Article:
just he went nuts he like was yelling and screaming it’s like I hate all you guys are all brain washed this old system the government like he just he went off on this crazy thing and he got like not violent but he got all shooken up escorted him out.

I know what happened was someone claimed that he was like you know he was like making a penis joke or something stupid, like it was just small trivial thing, he could have easily said like I accepted it I’m sorry never happened again but he couldn’t and we never saw him again.

Anna: quick follow-up, are you now less defensive when you’re having an argument with your fiancé?

Charlie: I hope she can answer that… I try to be…

Anna: I could use this training…

Charlie: definitely a lot more, it used to be where I would get really defensive over things but now I find it easier to just accept it and some things…

Anna: some…correcting the record…

Charlie: the whole point is, the hardest part I think we have is mirroring people. so if I’m coming to you and I’m giving you feedback whether you like it or not or I’m saying something to you, and I don’t think you’re listening, I’m gonna say to you, to repeat back what I said and a lot of people can’t do it because they’re not listening they’re just going in one ear out the other and for them to respond and I’m guilty of that myself lord knows I’m guilty of that myself but I try to like be more aware of it and be a lot less defensive and just kind of like let things slide off my chest a lot better no I don’t sweat the small things anymore there are bigger things that I definitely get defensive about, but we don’t we’ve never went to bed angry at each other in our whole relationship… know knock on wood if it’s as real wood… we don’t we never have a fight that lasts more than overnight, it never lasts overnight, we’ve never gone to bed angry each other, we’ve never had a fight that lasts more than two days. we have any issues happen it’s resolved that day. and that’s it so I definitely credit prison for that ability to like work out issues that day and it’s definitely helped us because communication is everything, it’s never gonna be perfect, there are gonna be things that annoy you about your partner, there gonna be things right like there are things that I do that annoy you but she tells me, and whether I like it or not at least the communication is out there.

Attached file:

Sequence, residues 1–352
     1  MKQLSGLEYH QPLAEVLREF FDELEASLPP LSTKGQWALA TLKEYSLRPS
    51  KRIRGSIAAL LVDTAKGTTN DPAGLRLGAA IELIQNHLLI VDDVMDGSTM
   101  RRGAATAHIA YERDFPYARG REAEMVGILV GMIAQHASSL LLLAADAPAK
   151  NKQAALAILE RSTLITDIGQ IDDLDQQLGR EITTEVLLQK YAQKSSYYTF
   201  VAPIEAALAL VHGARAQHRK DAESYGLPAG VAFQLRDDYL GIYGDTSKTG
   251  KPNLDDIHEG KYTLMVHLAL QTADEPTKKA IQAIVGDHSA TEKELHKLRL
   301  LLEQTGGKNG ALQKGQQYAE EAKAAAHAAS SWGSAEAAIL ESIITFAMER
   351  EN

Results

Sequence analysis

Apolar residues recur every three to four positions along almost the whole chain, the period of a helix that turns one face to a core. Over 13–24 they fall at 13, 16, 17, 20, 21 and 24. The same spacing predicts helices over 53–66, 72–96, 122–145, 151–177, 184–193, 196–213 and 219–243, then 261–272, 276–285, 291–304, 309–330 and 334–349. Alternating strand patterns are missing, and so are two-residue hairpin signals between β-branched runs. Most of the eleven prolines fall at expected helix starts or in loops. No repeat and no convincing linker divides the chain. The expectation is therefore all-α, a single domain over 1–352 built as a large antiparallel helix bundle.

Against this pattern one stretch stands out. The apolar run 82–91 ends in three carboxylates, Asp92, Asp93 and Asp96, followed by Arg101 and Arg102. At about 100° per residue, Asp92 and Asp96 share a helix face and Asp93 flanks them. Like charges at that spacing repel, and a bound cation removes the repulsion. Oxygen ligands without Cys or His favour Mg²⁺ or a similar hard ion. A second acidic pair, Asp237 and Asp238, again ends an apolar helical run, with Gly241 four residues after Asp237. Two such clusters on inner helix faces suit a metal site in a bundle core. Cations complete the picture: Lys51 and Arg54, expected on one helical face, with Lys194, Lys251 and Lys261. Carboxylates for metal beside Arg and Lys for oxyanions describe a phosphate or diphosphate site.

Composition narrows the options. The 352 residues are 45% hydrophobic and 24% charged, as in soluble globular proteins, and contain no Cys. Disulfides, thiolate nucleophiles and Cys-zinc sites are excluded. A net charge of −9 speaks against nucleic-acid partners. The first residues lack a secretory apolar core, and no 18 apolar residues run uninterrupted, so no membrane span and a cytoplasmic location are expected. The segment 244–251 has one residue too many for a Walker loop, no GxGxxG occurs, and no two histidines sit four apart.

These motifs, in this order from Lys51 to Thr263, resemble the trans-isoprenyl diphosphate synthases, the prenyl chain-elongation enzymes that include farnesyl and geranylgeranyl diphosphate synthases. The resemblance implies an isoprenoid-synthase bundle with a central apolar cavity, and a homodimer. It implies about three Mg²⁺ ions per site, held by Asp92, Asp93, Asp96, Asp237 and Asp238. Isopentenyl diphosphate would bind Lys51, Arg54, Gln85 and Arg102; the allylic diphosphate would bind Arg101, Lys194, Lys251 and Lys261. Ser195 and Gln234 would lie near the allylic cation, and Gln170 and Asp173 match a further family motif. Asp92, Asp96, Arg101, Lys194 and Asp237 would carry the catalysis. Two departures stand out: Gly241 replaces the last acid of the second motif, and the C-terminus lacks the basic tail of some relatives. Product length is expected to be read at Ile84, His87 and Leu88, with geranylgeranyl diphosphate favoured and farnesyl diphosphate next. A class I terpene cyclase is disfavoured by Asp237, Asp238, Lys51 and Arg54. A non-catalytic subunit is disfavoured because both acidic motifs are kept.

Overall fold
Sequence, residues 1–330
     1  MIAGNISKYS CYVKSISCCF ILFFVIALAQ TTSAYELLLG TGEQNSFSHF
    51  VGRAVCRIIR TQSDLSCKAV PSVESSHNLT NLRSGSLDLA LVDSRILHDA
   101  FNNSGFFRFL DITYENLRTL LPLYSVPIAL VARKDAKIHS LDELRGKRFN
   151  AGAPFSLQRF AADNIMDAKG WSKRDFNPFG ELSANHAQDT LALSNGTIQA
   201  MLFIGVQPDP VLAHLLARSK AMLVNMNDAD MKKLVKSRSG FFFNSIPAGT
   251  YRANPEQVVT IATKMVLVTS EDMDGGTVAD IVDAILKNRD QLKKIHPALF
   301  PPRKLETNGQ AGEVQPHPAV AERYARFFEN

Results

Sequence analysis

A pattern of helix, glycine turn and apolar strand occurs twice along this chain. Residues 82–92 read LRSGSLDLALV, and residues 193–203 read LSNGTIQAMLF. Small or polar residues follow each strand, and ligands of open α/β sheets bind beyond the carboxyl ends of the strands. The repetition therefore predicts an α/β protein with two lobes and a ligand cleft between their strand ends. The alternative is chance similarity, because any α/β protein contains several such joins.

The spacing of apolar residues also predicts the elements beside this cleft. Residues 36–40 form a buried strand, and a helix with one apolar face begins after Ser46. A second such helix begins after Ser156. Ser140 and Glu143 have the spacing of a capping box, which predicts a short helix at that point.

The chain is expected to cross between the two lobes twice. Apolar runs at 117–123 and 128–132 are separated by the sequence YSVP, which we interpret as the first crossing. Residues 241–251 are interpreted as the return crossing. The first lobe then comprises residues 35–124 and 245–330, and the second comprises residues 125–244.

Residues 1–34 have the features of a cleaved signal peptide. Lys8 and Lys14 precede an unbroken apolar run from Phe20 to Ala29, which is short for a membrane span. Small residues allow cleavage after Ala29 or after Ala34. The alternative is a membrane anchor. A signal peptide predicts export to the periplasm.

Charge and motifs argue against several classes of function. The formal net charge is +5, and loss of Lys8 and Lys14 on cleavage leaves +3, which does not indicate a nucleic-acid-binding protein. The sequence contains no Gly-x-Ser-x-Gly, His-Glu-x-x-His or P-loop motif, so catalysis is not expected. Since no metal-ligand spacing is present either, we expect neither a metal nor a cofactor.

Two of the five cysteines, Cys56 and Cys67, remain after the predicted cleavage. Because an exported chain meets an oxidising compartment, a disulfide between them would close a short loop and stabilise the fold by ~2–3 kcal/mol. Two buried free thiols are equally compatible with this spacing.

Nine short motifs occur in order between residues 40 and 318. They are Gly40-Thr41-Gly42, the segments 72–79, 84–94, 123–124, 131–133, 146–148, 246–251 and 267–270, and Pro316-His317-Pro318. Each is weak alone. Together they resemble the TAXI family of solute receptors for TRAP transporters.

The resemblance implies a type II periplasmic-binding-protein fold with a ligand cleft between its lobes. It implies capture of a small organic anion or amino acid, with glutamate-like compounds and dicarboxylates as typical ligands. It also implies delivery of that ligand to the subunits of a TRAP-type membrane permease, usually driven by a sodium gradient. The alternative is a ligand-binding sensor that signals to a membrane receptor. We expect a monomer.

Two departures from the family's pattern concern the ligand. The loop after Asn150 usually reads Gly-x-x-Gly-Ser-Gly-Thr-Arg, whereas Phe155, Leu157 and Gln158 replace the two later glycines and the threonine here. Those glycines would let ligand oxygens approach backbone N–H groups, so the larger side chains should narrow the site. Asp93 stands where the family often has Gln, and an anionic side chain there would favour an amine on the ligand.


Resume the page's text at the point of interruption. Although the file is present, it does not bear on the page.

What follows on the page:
Charlie: okay we’re gonna take two more questions from the crowd…

Crowd 2: So two questions the first one is, did you have any interaction with Ross at Silk Road?

Charlie: No…